In addition to preparing students for work, state colleges and universities can contribute to the economic vitality of their regions through a variety of institutional partnerships, including training and microloans for aspiring entrepreneurs, joint land-use/facilities planning and development, and community-based research, as well as local purchasing and other operational choices. Participants in this session will discuss examples of existing partnerships, the broader rationale for considering economic development part of a campus’ civic mission, and strategies for building on successes (and learning from mistakes or challenges).
Presenter: Earl Potter, President, St. Cloud State University
CivicEngagement in the Arts and Humanities
At their very best, art, music, dance, performance, storytelling, literature, and design can invite and challenge the public to think critically and differently about how communities might live well together. In this session, participants will identify how the arts and humanities intersect civic life by engaging difficult and enduring questions--questions that invite public debate and dialogue. And they will explore how their strategies and practices foster student learning opportunities and robust collaborations between communities, colleges and universities.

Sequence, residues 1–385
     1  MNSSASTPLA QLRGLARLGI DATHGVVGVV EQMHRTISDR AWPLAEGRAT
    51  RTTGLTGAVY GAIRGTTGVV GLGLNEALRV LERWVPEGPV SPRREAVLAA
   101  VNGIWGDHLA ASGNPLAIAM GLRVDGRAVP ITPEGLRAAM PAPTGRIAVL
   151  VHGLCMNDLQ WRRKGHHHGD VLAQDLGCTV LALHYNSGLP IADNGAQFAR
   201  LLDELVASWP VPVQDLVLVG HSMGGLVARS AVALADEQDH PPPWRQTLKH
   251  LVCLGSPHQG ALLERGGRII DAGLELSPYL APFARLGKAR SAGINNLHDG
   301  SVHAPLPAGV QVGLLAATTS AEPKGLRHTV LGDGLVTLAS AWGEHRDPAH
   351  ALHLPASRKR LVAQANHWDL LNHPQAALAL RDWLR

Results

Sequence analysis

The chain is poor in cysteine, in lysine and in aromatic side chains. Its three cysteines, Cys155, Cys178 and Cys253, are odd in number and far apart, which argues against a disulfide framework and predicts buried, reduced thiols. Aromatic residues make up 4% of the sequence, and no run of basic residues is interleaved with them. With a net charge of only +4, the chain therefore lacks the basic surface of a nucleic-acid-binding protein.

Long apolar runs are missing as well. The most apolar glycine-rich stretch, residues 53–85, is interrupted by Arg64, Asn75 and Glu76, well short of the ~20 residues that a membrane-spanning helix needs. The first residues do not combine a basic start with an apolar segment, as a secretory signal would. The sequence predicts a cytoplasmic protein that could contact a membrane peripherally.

Keith Christensen, Professor in the Department of Art; Tracy Ore, Chair of the Department of Social Work, Professor in the Department of Sociology and Coordinator of the Community Garden; Geoffrey Tabakin, Professor in the Department of Academic Support and Honors Program; and Jennifer Tuder, Assistant Professor of Communication Studies, St. Cloud State University—all from St. Cloud State University
AddressingInequality in Communities and Among Students
Join a team affiliated with Normandale Community College for a conversation on how MnSCU institutions can impact student and community inequality, with a primary focus on economic inequality. There will be brief opening comments by the presenters, including faculty research on student inequality and a nonprofit’s partnership to run the Campus Cupboard food pantry, as well as students’ perspectives. Discussion will focus on larger issues of interest to participants, e.g., how MnSCU institutions can best support students’ basic needs, how college students and community members can tackle systemic issues, and how colleges can make community engagement accessible to students of a variety of economic backgrounds.